EU sanctions hamper Russian fertilizer supplies to Africa

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EU sanctions hamper Russian fertilizer supplies to Africa


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Wheat field: The new EU position makes it impossible to supply Russian fertilizers to third countries with EU economic operators, EU infrastructure and EU territory. picture | stock struggle

On August 29, the European Commission issued updated clarifications regarding the application of sanctions to fertilizers produced or exported from Russia – potassium chloride, as well as complex fertilizers (NPK) containing nitrogen, phosphorous and potassium. The new position of the European Union makes it almost impossible to supply Russian fertilizers to the world market with the economic operators of the European Union, the infrastructure of the European Union and the territory of the European Union. Obviously, this decision directly contradicts previous EU statements about the non-implementation of restrictions on trade in agricultural products and fertilizers between Russia and third countries, and puts people in developing countries on the brink of starvation.

It should be noted that on April 8, 2022, the European Union imposed sectoral sanctions on these types of fertilizers of Russian origin. The purchase, import or transfer of these products into the European Union in excess of the quotas established for the European Union was prohibited: the quota amounted to 837.5 thousand tons of potassium chloride and 1.577.8 thousand tons of other types of fertilizers containing nitrogen, phosphorous and potash. It should be noted that initially the ban did not apply to the transit of Russian fertilizers to third countries using the infrastructure of the European Union.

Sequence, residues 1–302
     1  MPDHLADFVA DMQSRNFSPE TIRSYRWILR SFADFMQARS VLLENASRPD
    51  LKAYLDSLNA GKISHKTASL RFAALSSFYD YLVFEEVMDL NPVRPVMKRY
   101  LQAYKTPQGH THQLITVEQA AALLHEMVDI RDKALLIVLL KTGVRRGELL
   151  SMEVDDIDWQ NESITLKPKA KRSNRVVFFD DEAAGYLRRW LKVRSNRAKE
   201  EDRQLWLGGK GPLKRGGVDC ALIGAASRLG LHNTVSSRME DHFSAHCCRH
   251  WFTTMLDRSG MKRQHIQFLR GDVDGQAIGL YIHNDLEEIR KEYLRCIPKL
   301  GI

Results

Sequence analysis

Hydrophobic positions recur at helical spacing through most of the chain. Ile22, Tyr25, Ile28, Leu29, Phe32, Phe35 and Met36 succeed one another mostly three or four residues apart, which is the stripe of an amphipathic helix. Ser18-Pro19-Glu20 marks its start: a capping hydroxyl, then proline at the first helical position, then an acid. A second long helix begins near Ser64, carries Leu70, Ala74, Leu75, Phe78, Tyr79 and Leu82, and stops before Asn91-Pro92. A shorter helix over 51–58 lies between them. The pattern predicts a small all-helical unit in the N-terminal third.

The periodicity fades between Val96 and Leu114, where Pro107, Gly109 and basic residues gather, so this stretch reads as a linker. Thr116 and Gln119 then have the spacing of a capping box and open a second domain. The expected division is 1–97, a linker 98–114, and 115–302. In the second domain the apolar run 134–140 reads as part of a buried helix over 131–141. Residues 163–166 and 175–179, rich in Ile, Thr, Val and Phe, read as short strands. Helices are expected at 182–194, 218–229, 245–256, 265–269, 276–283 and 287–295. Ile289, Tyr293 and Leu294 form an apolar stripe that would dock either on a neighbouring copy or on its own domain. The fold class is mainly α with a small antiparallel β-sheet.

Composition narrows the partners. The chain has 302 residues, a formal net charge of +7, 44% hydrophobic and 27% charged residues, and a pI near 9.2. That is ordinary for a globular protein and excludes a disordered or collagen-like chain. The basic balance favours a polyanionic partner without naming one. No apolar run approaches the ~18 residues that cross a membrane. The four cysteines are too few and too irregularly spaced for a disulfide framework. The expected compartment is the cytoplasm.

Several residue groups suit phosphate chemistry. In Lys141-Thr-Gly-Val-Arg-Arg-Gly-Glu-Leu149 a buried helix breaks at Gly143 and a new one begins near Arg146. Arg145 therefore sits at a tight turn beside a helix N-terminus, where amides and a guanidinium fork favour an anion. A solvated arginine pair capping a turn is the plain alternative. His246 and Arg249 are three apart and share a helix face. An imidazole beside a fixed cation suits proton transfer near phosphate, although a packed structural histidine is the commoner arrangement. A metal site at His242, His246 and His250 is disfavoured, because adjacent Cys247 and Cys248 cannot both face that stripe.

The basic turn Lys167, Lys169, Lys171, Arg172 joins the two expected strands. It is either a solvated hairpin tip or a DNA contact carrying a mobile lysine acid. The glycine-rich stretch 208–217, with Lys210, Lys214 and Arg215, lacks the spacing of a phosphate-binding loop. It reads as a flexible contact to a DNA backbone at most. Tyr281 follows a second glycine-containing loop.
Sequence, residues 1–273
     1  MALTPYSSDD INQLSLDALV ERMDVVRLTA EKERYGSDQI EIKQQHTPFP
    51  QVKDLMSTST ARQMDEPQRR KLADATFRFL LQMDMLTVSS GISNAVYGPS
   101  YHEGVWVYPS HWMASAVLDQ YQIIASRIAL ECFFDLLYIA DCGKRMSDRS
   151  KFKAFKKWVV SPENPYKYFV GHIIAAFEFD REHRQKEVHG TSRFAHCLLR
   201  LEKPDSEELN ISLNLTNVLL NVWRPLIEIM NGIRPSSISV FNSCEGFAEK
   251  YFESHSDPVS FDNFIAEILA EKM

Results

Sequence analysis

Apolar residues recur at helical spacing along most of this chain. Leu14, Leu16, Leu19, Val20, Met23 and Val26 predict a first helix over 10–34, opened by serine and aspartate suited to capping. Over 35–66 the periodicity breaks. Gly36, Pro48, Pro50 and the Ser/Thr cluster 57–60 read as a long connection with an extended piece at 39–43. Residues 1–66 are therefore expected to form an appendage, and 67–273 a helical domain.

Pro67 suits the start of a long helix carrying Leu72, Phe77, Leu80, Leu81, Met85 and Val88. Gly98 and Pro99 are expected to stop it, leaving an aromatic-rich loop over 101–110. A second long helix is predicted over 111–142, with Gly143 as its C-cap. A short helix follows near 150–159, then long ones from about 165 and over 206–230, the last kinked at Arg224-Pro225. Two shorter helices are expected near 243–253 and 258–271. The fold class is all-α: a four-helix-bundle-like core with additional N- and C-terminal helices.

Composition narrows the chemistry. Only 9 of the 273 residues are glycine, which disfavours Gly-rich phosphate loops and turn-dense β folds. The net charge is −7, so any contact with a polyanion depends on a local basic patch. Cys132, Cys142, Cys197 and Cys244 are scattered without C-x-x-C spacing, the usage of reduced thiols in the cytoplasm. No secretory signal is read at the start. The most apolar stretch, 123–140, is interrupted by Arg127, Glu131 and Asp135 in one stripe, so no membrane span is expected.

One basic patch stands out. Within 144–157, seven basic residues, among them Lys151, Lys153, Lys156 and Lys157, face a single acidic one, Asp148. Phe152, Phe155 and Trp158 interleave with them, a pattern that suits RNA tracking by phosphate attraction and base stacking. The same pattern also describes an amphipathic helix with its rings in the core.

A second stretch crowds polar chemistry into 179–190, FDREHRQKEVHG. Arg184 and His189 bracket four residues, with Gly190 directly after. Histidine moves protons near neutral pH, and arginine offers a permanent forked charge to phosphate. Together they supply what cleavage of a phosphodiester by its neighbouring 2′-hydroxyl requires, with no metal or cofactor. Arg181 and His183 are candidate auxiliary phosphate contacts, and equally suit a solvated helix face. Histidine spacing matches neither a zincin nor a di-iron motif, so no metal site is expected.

UN Secretary-General Antonio Guterres told reporters on Wednesday, September 14, that “removing the obstacles that still exist regarding the export of Russian fertilizer is absolutely necessary.” “There are … talks about the possibility of exporting Russian ammonia through the Black Sea,” Guterres said, adding that there was a “tragic situation” in the global fertilizer market.

“We are risking a fertilizer market crisis,” he said. “We have news from different parts of the world where acreage is much smaller than in the previous cycle, which means we risk having a real food shortage in 2022.”

On August 10, the European Union tightened sanctions on the transport of Russian fertilizers. The European Commission has expanded the ban on the activities of European operators related to transit through the territory of the European Union of fertilizers destined for third countries. Moreover, the supply of fertilizers to third countries even without the use of EU territory and infrastructure would be considered a violation of sanctions. The provision of transport, freight and trade services by European companies, as well as any related services, such as insurance, financial operations, brokerage and technical assistance, are now prohibited.